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Int J Clin Exp Pathol 2(4),353-360;2009

Original Article
MDM2 expression and regulation in prostate cancer racial disparity

Guimin Wang, Elnaz F. Firoz, Amy Rosea, Elen Blochin, Paul Christos, Danut Pollens, Madhu Mazumdar, William Gerald, Carole Oddoux, Peng
Lee, Iman Osman

The Ronald O. Perelman Department of Dermatology, Department of Pathology, Human Genetics Program of Pediatrics, Department of
Medicine and Urology, NYU Cancer Institute, New York University School of Medicine, New York, New York. Department of Public Health and
Divisions of Biostatistics, New York-Presbyterian Hospital and Weill-Cornell Medical College, New York, New York. Department of Pathology,
Memorial Sloan-Kettering Cancer Center, New York, New York. New York, New York.

Received 4 November 2008; Accepted 14 November 2008; Available online 4 December 2008

Abstract: MDM2 is a key negative regulator of tumor suppressor p53. A single nucleotide polymorphism in the MDM2 promoter, SNP309,
enhances transcriptional activation of MDM2 and has been associated with early onset of several types of cancer. In this study, we attempted to
determine if the MDM2 SNP309 polymorphism plays a role in the aggressive phenotype seen in African American (AA) prostate cancer by
examining the association between MDM2 SNP309 and MDM2 protein levels in prostate cancer (PCa) patients of different racial backgrounds.
Prospectively enrolled PCa patients (AA=51, CA=50) were evaluated for MDM2 SNP309 and MDM2 protein expression. MDM2 overexpression,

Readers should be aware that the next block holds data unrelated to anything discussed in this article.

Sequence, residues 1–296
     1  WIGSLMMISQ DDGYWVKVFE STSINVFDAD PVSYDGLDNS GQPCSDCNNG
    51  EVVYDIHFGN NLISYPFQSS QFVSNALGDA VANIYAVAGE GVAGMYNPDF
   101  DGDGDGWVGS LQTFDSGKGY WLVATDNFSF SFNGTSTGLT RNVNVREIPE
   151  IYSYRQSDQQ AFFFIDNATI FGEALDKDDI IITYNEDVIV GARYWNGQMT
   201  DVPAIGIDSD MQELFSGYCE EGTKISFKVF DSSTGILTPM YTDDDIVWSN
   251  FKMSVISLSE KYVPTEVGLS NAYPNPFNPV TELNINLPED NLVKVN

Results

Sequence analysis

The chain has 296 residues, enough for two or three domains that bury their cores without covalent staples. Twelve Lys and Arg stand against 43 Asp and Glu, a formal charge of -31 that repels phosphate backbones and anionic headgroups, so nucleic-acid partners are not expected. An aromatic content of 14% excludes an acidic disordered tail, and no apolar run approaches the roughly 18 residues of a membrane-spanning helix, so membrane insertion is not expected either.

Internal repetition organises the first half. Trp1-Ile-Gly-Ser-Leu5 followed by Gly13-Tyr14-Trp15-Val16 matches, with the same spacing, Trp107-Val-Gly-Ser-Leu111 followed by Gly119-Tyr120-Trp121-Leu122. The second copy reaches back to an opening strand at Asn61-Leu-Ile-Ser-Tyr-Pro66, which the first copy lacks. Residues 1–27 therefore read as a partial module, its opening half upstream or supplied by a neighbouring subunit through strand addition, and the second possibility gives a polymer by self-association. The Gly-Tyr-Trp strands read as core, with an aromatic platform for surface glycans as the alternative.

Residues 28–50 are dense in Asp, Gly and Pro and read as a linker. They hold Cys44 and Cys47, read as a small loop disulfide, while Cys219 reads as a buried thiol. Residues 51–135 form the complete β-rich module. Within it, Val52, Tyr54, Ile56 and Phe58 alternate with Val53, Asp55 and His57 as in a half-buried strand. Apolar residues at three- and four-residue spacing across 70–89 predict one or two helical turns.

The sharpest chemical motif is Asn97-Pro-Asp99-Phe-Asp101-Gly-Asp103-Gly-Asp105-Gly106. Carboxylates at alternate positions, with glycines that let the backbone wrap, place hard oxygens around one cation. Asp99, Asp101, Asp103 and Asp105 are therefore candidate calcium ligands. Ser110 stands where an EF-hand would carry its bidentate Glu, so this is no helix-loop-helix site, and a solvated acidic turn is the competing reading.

defined as >10% of tumor cells in three tissue cores, was assessed using immunohistochemistry on tissue microarray. MDM2 protein
expression was significantly greater in CA than AA patients (78% versus 45% respectively, p=0.0007). Germline DNA was analyzed by
PCR-RFLP then confirmed by DNA sequencing.  MDM2 SNP309 genotype frequencies did not differ significantly between AA and CA PCa
patients (AA: TT 68.6%, TG 25.5%, GG 5.9%; CA: TT 62.0%, TG 20.0%, GG 18.0%; p=0.16), suggesting that the MDM2 SNP309 allele does not
play a significant role in the observed overexpression. (IJCEP811002).

Key Words: MDM2, prostate cancer, single nucleotide polymorphism, SNP309

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Address all correspondence to: Peng Lee, MD, PhD, Department of Pathology, New York University School of Medicine, New York Harbor
Healthcare System, 423 E. 23rd street, Room6140N, New York, NY 10010, Phone: (212) 951-3418, Fax: (212) 951-6341, E-mail:
Peng.Lee@med.nyu.edu